This article originally appeared on The Conversation.
Mexico is one of the most important countries in the world for the United States. It’s the second-largest buyer of U.S. goods, the third-biggest consumer of U.S. agricultural products and America’s third-most-important trading partner, after China and Canada. We trade over a million dollars of stuff every minute.
So as we prepare to sit at a negotiating table across from our southern neighbor, we should recognize that treating Mexico as a respected partner would be a good start if we hope to favorably resolve serious issues over trade, immigration or fighting crime. The U.S. will be safer and stronger if we can forge even closer cooperation with Mexico while finding solutions to the problems each side wants to fix.
The sharp, critical rhetoric coming out of the new U.S. administration, however, is undermining a mutually beneficial relationship that has taken decades to build. It’s generating intense public anger, suspicion and fear in Mexico and fueling anti-Americanism. There is a real risk of returning to the deep distrust that characterized past U.S.-Mexico ties. That would be very harmful to U.S. strategic interests.
As the U.S. ambassador to Mexico from 2011 to 2015, I saw firsthand the strength of the relationship and the benefits of collaboration, even as I recognize that many improvements can be made in our bilateral ties. It would be a shame to throw those benefits away, which would seriously harm the U.S.
From foe to friend to foe?
The United States is blessed to have two large neighbors willing to work with us to foster mutual security and prosperity. While Mexico may not be a NATO ally like Canada, it is no less vital to U.S. interests and no less willing to be a partner. To get here, the two countries have spent the past 25 years overcoming a troubled history.
The Mexicans still remember vividly the war that began in 1846 that ceded much of their country to the U.S., including modern-day Texas and California. Every year, they celebrate “Los Niños Héroes,” referring to the teenagers who threw themselves off a cliff rather than surrender to U.S. marines invading Mexico City and those who fought the U.S. occupation of Veracruz in 1914.
The mistrust lingered through the 1980s, when Americans still characterized Mexicans as “distant neighbors.”
Change began with the negotiation of the North American Free Trade Agreement (NAFTA) in the early 1990s and continued when the U.S. helped Mexico recover from a major economic crisis in 1995.
Especially since 2008, the U.S. and Mexico have formed strong cross-border collaborations on security, law enforcement, migration, foreign policy and many other issues that are profoundly in the strategic interests of the United States.
Simultaneously, under NAFTA, the private sector was building vast interconnected networks and manufacturing production chains across North America that brought added wealth to each country and turned the region into a global economic powerhouse that could compete effectively with China and others in Asia.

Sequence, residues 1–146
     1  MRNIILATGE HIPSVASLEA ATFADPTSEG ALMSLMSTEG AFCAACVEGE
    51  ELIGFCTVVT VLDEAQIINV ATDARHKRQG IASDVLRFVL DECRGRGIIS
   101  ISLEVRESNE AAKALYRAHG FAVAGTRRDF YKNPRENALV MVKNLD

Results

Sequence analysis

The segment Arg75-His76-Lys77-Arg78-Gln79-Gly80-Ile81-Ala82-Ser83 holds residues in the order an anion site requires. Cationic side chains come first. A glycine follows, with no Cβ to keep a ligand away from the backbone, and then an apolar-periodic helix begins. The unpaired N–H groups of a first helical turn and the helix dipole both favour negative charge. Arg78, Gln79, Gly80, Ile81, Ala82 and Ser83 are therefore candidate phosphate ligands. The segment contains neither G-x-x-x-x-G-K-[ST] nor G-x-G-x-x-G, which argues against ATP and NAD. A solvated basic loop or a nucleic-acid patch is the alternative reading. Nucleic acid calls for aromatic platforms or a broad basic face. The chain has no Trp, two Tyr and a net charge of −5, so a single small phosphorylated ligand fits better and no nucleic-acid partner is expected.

Public rhetoric from the Trump administration is putting much of this in jeopardy. It has generated serious backlash among Mexico’s public and politicians and put much pressure on the government to resist vehemently Trump’s demands, especially over who pays for a border wall. But the potential treatment of undocumented Mexican nationals in the U.S. also remains a serious and emotional concern.
U.S. Republican presidential nominee Donald Trump and Mexico's President Enrique Pena Nieto shake hands at a press conference at the Los Pinos residence in Mexico City, Mexico, August 31, 2016. Reuters
The Mexican peso has plunged—ironically making its exports less expensive for American companies and consumers to buy. And Mexico’s economic outlook has weakened considerably—a weaker economy actually increases the likelihood residents will try to find a better life north of the border at a time when net immigration flows of Mexicans are moving south.
The growing popular anger means a generation of Mexican politicians, officials and experts who favored promoting closer ties with the U.S. are now on the defensive. The Mexican dailies and radio programs are filled with calls for the government to get tougher with the U.S., even if it’s costly to Mexico. This limits room for serious negotiations. Worse still, this is giving a lift to the most anti-American presidential candidate, Andrés Manuel López Obrador, running to replace the current president in 2018.
The costs to the U.S. of continuing on this path would be enormous.
A closer look at NAFTA
Let’s start with NAFTA, since that’s the source of some of the biggest complaints from both Trump and politicians from the left such as Bernie Sanders.
First, NAFTA is not the cause of the great economic woes or job losses as portrayed. Rather, it has spurred U.S. economic growth, produced millions of new jobs (including higher skilled ones), lowered costs for consumers and helped us overcome enormous trade competition from Asia.
Total U.S.-Mexico trade has surged almost 600 percent since NAFTA was negotiated in 1993 to reach US$584 billion in 2015. That supported 4.9 million U.S. jobs spread across the country in 2016. Some 57,000 U.S. companies sell to Mexico.
Plus, Mexico is an essential partner in U.S. production chains, where inputs for a final product regularly cross the border several times. Up to 40 percent of the final value of a product manufactured in Mexico comes from U.S. suppliers. That is far more than in any other country.
In sum, according to a 2013 study by the Peterson Institute for International Economics, the U.S. “is $127 billion richer each year” because of NAFTA.